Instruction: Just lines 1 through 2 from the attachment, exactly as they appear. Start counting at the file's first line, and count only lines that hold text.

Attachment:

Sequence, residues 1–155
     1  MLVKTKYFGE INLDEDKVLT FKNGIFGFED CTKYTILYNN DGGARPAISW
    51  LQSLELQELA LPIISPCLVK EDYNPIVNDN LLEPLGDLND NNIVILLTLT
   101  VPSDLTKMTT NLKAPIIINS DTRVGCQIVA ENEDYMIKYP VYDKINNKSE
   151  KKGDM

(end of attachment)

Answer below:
Sequence, residues 1–155
     1  MLVKTKYFGE INLDEDKVLT FKNGIFGFED CTKYTILYNN DGGARPAISW